Porcine virus to cause shortfall in American hog market
“In the US we see the outbreak of PEDv causing a significant shortfall in the availability of market hogs in 2014 to the tune of 12.5 million hogs or 11% of annual slaughter,” explained Rabobank Analyst William Sawyer.
“Given the ever rising number of PEDv cases reported, coupled with a six-month average lifecycle, the months of August through October are likely to be the tightest for processors where slaughter could decline by 15% - 25% against 2013 levels. If the virus continues at its current rate, the shortfall to US slaughter in 2014 could be as much as 15 million hogs.”
The specific origin of PEDv in the US has not been definitively identified but comparison of strains of PEDv in the US have indicated a close relationship with strains in China. What is clear is that once the virus makes it into a region, it can spread quite easily and rapidly throughout an entire population. The most common avenue is on livestock and farm equipment that come into contact with hogs positive with PEDv or their faeces.
In regard to productivity, 2014 will be a story of “the haves and have-nots” where hog producers who experienced mild cases of PEDv, or none at all, could realize margins of over USD 60 per head, the highest calendar year average seen in Rabobank’s 40-year record. Conversely, hog producers who have had difficulty eradicating the virus could suffer significant losses as the pain of the high fixed costs of modern hog production compounds prolonged periods of weak productivity.
Packers for the year to date have been in a ‘haves’ position as the fear of possible stockouts have pushed pork cutout prices up far faster than hog prices. The gross margin for packers reached USD 63 per head, up from USD 37 this time last year. Profitability is likely to wane in the spring and summer, as prices continue to climb, testing pork demand, and hog shortages force packers to idle plants.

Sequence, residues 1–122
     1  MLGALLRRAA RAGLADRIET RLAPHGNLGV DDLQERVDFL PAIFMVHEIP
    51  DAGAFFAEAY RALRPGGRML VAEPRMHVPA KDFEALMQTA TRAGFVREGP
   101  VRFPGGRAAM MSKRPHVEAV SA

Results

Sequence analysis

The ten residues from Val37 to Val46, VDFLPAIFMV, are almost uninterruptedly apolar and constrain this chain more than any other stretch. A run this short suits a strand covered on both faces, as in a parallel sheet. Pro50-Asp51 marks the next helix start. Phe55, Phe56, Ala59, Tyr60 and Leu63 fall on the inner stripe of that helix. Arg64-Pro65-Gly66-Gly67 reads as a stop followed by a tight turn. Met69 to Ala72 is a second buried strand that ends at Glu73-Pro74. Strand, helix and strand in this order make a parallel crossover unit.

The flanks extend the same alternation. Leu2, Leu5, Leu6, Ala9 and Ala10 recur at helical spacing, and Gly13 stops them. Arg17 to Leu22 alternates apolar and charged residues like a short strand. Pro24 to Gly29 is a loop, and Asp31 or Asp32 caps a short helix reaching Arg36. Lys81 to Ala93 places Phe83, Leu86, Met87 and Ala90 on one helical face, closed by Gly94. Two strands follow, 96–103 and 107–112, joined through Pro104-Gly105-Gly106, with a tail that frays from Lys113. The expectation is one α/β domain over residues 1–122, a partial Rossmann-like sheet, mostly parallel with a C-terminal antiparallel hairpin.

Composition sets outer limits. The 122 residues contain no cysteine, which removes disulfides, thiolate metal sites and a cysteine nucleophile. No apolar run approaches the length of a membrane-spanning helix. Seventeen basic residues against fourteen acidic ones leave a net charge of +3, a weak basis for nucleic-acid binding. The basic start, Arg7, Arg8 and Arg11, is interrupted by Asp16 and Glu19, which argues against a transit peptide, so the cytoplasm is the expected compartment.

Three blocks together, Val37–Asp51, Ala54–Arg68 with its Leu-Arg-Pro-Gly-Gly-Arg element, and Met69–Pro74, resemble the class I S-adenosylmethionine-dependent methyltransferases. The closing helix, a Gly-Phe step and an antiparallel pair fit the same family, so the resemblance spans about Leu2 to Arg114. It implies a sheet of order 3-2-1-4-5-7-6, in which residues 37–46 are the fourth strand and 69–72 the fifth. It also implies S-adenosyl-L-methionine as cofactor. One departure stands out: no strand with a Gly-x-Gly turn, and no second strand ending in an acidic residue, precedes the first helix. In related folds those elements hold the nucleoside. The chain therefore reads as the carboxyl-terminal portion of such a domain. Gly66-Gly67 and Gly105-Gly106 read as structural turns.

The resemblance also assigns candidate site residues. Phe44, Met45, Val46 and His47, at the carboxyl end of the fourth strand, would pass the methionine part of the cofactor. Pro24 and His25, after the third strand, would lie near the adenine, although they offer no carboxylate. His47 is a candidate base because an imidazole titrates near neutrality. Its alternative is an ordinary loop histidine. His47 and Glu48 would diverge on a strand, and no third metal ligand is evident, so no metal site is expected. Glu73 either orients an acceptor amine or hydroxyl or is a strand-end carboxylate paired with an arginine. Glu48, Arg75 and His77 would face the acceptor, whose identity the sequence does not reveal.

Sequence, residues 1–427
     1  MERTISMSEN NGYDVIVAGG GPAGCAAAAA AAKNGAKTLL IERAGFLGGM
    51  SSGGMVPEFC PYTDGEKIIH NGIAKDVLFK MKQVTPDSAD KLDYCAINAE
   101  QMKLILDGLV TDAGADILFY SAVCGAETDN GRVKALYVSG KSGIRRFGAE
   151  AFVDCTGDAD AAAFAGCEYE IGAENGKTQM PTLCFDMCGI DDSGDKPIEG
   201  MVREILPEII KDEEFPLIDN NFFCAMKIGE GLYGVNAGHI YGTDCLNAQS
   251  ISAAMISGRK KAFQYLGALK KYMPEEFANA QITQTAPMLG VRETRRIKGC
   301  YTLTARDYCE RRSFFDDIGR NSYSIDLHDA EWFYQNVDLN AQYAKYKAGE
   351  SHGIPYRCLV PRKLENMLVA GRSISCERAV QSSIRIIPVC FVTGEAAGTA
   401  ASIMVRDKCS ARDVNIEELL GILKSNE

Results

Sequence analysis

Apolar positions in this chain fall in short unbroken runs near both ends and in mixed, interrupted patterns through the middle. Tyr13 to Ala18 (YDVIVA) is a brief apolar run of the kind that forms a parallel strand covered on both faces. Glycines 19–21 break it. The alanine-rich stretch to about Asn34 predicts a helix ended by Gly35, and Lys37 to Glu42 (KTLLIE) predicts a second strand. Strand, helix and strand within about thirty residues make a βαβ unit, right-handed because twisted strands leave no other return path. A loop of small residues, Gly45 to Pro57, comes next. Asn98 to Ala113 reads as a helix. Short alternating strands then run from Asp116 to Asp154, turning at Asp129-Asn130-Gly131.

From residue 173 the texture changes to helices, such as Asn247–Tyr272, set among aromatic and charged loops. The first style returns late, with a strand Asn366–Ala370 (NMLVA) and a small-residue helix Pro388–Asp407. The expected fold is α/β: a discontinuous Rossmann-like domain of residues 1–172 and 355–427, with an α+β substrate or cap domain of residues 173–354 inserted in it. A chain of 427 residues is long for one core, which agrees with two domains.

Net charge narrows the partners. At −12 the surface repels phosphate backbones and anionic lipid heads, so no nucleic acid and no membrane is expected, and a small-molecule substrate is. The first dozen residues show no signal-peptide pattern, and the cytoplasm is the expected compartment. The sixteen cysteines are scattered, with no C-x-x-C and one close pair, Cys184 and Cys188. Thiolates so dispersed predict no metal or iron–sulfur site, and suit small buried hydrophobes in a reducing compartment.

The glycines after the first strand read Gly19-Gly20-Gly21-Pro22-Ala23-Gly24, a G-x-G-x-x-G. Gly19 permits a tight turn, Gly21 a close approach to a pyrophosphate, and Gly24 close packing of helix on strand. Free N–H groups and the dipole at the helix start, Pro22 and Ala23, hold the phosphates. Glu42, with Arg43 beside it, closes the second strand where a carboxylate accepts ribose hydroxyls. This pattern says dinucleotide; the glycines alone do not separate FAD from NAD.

The real winner in the PEDv situation, however, will be the US poultry industry. With US beef production forecast to decline by nearly 6% in 2014 which, coupled with Rabobank’s estimate of 6-7% less pork production, implies an exceptional opportunity for the US chicken industry as the protein of last resort. US chicken production would have to rise by 8% to 9% to offset the shortfall from beef and pork, but a limited breeder flock and continued high demand for fertilized eggs from Mexico will keep supply growth restrained. As a result, Rabobank expect chicken prices and margins climb this spring and summer yielding a very favorable year for the US chicken industry.
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